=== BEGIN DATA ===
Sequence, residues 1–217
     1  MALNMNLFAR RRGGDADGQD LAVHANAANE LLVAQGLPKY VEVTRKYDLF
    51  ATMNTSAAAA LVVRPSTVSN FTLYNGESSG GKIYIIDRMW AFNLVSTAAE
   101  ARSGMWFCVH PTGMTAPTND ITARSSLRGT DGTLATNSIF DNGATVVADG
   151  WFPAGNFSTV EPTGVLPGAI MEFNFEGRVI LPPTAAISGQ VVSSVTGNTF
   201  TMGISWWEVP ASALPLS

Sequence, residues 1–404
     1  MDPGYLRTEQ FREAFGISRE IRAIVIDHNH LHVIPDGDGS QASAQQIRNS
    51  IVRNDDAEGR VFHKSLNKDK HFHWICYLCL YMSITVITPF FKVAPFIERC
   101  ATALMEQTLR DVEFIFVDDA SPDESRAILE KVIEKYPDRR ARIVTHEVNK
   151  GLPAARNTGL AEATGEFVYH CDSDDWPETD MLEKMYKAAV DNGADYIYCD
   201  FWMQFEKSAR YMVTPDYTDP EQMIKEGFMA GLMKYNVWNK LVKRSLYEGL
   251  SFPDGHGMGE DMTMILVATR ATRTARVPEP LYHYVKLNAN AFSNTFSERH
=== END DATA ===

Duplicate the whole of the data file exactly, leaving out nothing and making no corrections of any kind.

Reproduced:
Sequence, residues 1–217
     1  MALNMNLFAR RRGGDADGQD LAVHANAANE LLVAQGLPKY VEVTRKYDLF
    51  ATMNTSAAAA LVVRPSTVSN FTLYNGESSG GKIYIIDRMW AFNLVSTAAE
   101  ARSGMWFCVH PTGMTAPTND ITARSSLRGT DGTLATNSIF DNGATVVADG
   151  WFPAGNFSTV EPTGVLPGAI MEFNFEGRVI LPPTAAISGQ VVSSVTGNTF
   201  TMGISWWEVP ASALPLS

Sequence, residues 1–404
     1  MDPGYLRTEQ FREAFGISRE IRAIVIDHNH LHVIPDGDGS QASAQQIRNS
    51  IVRNDDAEGR VFHKSLNKDK HFHWICYLCL YMSITVITPF FKVAPFIERC
   101  ATALMEQTLR DVEFIFVDDA SPDESRAILE KVIEKYPDRR ARIVTHEVNK
   151  GLPAARNTGL AEATGEFVYH CDSDDWPETD MLEKMYKAAV DNGADYIYCD
   201  FWMQFEKSAR YMVTPDYTDP EQMIKEGFMA GLMKYNVWNK LVKRSLYEGL
   251  SFPDGHGMGE DMTMILVATR ATRTARVPEP LYHYVKLNAN AFSNTFSERH